The Rose Theatre was the first playhouse to be situated on Bankside, London. Built in 1587 by Philip Henslowe and John Chomley, a local grocer. Henslowe leased the land from the parish of St. Mildred in 1585. There is no records of what the Rose was used for until Henslowe’s diaries began in 1592, which show the Rose in use as a playhouse.
In 1592 an acting troupe combining of men from the Admiral’s Men and Lord Strange’s Men were using the Rose to perform many plays amongst them Shakespeare, Kyd and Marlowe. The theatre was expanded to accomodate the actors with the stage being moved back but the plague soon shut down the theatres of London. The actors took themselves on tour around Britain until the plague had passed.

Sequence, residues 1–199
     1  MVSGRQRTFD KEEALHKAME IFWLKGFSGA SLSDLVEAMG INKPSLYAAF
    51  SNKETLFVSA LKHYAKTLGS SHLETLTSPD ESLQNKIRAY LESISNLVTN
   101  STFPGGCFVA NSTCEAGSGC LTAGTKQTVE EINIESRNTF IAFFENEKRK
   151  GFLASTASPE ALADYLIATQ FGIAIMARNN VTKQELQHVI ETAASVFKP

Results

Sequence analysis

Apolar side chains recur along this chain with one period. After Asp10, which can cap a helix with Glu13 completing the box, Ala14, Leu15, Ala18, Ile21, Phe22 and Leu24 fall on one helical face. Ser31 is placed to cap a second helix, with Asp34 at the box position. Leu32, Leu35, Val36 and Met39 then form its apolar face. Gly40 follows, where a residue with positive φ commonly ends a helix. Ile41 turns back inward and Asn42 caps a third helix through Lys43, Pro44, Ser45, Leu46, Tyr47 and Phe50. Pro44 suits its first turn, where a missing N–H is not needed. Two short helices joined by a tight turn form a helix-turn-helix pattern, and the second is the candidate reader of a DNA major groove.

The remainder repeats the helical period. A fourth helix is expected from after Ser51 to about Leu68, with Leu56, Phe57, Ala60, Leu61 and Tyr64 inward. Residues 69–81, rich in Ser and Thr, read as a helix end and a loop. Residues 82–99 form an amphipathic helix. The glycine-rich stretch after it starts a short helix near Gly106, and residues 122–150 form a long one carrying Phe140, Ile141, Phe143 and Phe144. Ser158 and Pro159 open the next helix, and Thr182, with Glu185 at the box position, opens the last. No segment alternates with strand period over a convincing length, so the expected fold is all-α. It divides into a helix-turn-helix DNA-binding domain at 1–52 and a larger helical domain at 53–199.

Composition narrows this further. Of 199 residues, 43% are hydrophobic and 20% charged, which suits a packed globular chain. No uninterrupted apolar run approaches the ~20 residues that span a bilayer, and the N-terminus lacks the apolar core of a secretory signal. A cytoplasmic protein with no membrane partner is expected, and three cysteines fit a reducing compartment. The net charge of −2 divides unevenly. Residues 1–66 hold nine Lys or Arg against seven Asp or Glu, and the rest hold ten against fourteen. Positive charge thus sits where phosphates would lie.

Upon their return the company split into two with half staying with the Admiral’s Men and the others forming the Lord Chamberlain’s Men, with the latter going on to build the Globe Theatre in 1599.
The Rose was believed to have been pulled down in 1606 but you can still visit the foundations of this once great theatre today.